The Second Circuit decided to celebrate the one year anniversary of the oral argument in Rescuecom v. Google by issuing its long-awaited opinion. The court reversed the district court’s dismissal of the trademark owner’s Lanham Act claims, holding that “Google’s recommendation and sale of Rescuecom’s mark to Google’s advertisers, so as to trigger the appearance of their advertisements and links in a manner likely to cause consumer confusion when a Google user launches a search of Rescuecom’s trademark, properly alleges a claim under the Lanham Act.”
In an opinion written by Judge Leval (with Judges Calabresi and Wesley), the court rejected the district court’s reliance on the court’s previous ruling in 1-800 Contacts, Inc. v. WhenU.com, Inc., 414 F.3d 400 (2d Cir. 2005) as dispositive. In that case, the court ruled that the use of trademark terms in a software program that generated “pop-up” advertisements on a user’s computer did not constitute a “use in commerce” because, among other things, the program distributor did not sell trademark terms to advertising clients nor even disclose to them which keywords (trademark terms or otherwise) it used to generate the pop-up advertisements.
The court in Rescuecom pointed out that in contrast, Google, via its AdWords program and Keyword Suggestion Tool, “is recommending and selling to its advertisers” the Rescuecom trademark. The court also noted that in contrast to the facts in the 1-800-Contacts case, Google “displays, offers and sells Rescuecom’s mark to Google’s advertising customers when selling its advertising services,” and “encourages the purchase of Rescuecom’s mark through its Keyword Suggestion Tool.”
The court rejected the argument advanced by Google and its amici (a group of law professors including Prof. Eric Goldman) and accepted by a number of district court in the Second Circuit, that the inclusion of a trademark in an internal computer directory cannot constitute trademark use:
First, regardless of whether Google’s use of Rescuecom’s mark in its internal search algorithm could constitute an actionable trademark use, Google’s recommendation and sale of Rescuecom’s mark to its advertising customers are not internal uses. Furthermore, 1-800 did not imply that use of a trademark in a software program’s internal directory precludes a finding of trademark use. Rather, influenced by the fact that the defendant was not using the plaintiff’s trademark at all, much less using it as the basis of a commercial transaction, the court asserted that the particular use before it did not constitute a use in commerce. See 1-800, 414 F.3d at 409-12. We did not imply in 1-800 that an alleged infringer’s use of a trademark in an internal software program insulates the alleged infringer from a charge of infringement, no matter how likely the use is to cause confusion in the marketplace. If we were to adopt Google and its amici’s argument, the operators of search engines would be free to use trademarks in ways designed to deceive and cause consumer confusion. This is surely neither within the intention nor the letter of the Lanham Act.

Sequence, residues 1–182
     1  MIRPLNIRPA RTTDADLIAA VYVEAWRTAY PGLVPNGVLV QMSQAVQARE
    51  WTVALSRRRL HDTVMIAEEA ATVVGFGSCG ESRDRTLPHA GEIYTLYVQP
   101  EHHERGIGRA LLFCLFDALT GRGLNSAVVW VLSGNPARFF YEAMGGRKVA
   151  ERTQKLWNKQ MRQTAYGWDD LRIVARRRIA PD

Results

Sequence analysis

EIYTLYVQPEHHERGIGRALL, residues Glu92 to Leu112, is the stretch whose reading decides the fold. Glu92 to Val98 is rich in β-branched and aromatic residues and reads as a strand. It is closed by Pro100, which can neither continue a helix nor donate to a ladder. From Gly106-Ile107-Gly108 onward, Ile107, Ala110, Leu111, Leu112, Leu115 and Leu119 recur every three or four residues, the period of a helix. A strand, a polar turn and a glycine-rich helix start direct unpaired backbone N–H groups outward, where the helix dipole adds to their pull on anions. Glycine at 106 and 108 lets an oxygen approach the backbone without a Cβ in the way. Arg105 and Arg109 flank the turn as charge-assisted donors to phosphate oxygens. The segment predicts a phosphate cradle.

The court also rejected the analogy advanced by Google and the amici that Google’s use of the Rescuecom’s trademark is the same as the use of product placement by retail vendors, where, for example, a generic product is placed next to a trademark product:
From the fact that proper, non-deceptive product placement does not result in liability under the Lanham Act, it does not follow that the label “product placement” is a magic shield against liability, so that even a deceptive plan of product placement designed to confuse consumers would similarly escape liability. It is not by reason of absence of a use of a mark in commerce that benign product placement escapes liability; it escapes liability because it is a benign practice which does not cause a likelihood of consumer confusion. In contrast, if a retail seller were to be paid by an off-brand purveyor to arrange product display and delivery in such a way that customers seeking to purchase a famous brand would receive the off-brand, believing they had gotten the brand they were seeking, we see no reason to believe the practice would escape liability merely because it could claim the mantle of “product placement.” The practices attributed to Google by the Complaint, which at this stage we must accept as true, are significantly different from benign product placement that does not violate the Act.
The court emphasized that it took no position on whether Rescuecom could prove that Google’s use of its trademark in the AdWords program causes likelihood of confusion or mistake, but it is going to get the opportunity to do so. The case was remanded for further proceedings.
Finally, there is an Appendix to the ruling that opines further “On the Meaning of ‘Use in Commerce’ in Sections 23 and 43 of the Lanham Act,” which discusses at length what the court considers to be ambiguity with respect to the statutory language in these provisions. The Appendix also includes a notation that the judges who sat on the panel in 1-800-Contacts case “read this Appendix and have authorized us to state that they agree with it.” However, there is also a notation that the discussion “is therefore dictum and not a binding opinion of the court. It would be helpful for Congress to study and clear up this ambiguity.”